Pick n Pay Feeling The Pressure

Groceries On Credit: A Blessing Or A Curse??


By Brandon Lee Westraat on 28th September 2017

Is Pick n Pay brazenly trying to lure customers further into debt, This is the thoughts of may debt counselors and skeptical consumers following the retailer's launch of a credit offering last week.

The new Pick n Pay store card will allow qualifying Smart Shopper customers to purchase Pick n Pay goods on credit. If they settle their account within 55 days, no interest will be charged.

“The decision by Pick n Pay to sell food on credit in their supermarkets is going to come back and haunt them because there is going to be a massive demand for this product and hugely debt-strapped consumers are going to default on these loans on a scale not seen before,” says Neil Roets, CEO of debt counselling firm Debt Rescue.

The logic is, if you need to buy food on credit then it's likely that you aren't fully creditworthy, as required by the national credit act. Anyway, this would put you further in the metaphorical hole that is the debt crisis in this country and trust me it's not 5 star hotel down there.

More than half of South Africans are three months or more behind in their repayments having collectively notched up some R1.71 trillion in debt, according to the latest National Credit Regulator statistics.

On top of all of this, we South Africans are stuck in an exceptionally difficult economic cycle where the cost of living is skyrocketing with salaries and wages in many cases remaining static. If consumers have reached the point of desperation where they have to resort to buying food on credit, that means they are at the end of their tether and from a financial point of view they should not qualify for this credit.

However, Pick n Pay deputy CEO Richard van Rensburg argues that outraged consumers have not understood their intentions. “People haven’t read into what we are doing. I completely agree that using the proceeds of interest-bearing debt to buy food and groceries is a bad idea.”

Rather than luring more customers into debt, Pick n Pay is targeting middle-income consumers in a bid to “ruffle feathers” and challenge high fees in the banking industry. “South Africa’s debt burden is huge. The biggest thing that is sucking disposable income out of the economy is the high cost of credit. Hidden costs such as initiation fees, administration fees, mandatory insurance fees and penalty fees exacerbate the cost of credit. We have worked with RCS to design a product that has none of these hidden fees and carries a nominal R10 monthly service fee,” he says.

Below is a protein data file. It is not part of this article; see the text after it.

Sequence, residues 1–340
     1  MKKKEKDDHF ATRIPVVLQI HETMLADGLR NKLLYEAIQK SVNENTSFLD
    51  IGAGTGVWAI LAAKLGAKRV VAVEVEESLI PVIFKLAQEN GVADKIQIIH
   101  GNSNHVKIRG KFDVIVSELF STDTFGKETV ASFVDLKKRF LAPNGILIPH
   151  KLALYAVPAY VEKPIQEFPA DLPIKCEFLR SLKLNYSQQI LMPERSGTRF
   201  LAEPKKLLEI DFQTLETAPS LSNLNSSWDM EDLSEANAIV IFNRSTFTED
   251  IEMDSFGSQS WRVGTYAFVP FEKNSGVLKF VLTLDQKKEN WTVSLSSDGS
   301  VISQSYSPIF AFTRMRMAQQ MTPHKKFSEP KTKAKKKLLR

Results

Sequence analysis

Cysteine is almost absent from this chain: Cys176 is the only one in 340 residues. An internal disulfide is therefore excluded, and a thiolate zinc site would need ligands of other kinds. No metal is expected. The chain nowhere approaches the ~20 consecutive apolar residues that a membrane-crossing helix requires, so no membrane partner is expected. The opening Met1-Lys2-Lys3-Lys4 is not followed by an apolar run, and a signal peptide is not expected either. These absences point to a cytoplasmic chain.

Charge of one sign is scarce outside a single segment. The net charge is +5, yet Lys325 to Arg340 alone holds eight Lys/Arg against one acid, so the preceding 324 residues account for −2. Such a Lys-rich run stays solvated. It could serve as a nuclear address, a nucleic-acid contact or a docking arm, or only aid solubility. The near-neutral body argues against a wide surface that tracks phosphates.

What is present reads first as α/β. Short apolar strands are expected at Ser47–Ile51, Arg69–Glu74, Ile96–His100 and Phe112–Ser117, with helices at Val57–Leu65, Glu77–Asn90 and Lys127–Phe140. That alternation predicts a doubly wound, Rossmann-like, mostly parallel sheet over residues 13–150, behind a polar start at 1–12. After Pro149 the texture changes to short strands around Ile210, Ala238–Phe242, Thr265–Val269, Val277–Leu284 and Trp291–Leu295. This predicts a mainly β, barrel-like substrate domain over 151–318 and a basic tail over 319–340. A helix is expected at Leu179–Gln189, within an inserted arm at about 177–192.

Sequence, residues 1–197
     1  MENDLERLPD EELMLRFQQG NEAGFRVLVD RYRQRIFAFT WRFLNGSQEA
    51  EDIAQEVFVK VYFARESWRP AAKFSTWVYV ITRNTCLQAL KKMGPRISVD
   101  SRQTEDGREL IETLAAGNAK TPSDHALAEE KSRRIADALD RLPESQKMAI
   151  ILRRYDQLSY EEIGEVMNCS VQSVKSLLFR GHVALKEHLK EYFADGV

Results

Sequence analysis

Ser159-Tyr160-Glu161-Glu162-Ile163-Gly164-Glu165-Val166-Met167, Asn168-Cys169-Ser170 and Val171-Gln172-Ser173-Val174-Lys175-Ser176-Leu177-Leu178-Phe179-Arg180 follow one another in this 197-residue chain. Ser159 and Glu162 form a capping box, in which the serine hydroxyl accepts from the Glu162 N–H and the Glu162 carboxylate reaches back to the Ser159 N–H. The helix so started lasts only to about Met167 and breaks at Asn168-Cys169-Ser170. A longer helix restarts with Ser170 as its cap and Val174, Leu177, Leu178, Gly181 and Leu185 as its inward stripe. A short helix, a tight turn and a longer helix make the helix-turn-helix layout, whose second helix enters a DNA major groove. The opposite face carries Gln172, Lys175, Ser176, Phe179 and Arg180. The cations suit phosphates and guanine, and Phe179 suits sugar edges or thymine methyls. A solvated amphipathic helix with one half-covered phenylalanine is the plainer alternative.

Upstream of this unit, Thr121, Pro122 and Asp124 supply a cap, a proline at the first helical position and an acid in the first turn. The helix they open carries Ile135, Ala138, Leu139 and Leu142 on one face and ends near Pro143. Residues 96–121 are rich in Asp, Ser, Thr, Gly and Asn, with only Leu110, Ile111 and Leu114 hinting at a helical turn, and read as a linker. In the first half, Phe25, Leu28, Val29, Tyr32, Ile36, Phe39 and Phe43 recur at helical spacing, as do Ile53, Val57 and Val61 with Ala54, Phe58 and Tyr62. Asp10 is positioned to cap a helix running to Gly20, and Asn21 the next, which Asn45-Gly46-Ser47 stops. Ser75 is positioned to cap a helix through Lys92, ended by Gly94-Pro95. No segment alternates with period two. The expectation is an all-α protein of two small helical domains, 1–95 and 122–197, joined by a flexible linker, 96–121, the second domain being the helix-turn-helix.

The target credit customer is drawn from its seven million Smart Shopper customers; one who typically does not have a credit card, but may have a debit card. They may have a bond already or be saving towards one. Ideally, the shopper will deposit money into his or her bond or savings account at the beginning of the month and allow it to accrue interest. At the end of the month or the rolling 55-day credit cycle, those funds are then used to pay off the grocery account, which has accrued no interest.

“These are not people who earn a Sassa grant or who earn less than R10 000,” Van Rensburg says adamantly. “Although they are being exploited by loan sharks and worse, there is no way we will grant them credit.”

He estimates that if the retailer is able to attract about 150 000 shoppers onto the system it will incentivize lenders to bring down the cost of credit. Pick n Pay made an upfront decision not to earn income off the interest charged to consumers. “We are not in a profit-sharing deal with RCS,” he says. “We were clear there could be no conflict of interest here. When it comes to the high cost of credit, we are on the side of the consumer.”

Of course, if the consumer does get into trouble, then they will be liable for the interest fees charged by RCS, which fall within the bounds of the National Credit Act.

Where Pick n Pay will gain is if shoppers using credit and debit cards migrate to the new Smart Shopper credit card, which bypasses the National Payment System.

It is early days yet. Pick n Pay has received 7 000 applications so far and has approved 1 000 of them.

But honestly the financial crisis in South Africa does not obey the rules of the world, our middle class is people that struggle just a little less than the class below them. If this system is to work the strictness of these applications needs to be next level.

So what is your take on this new chapter pick n pay has stepped into?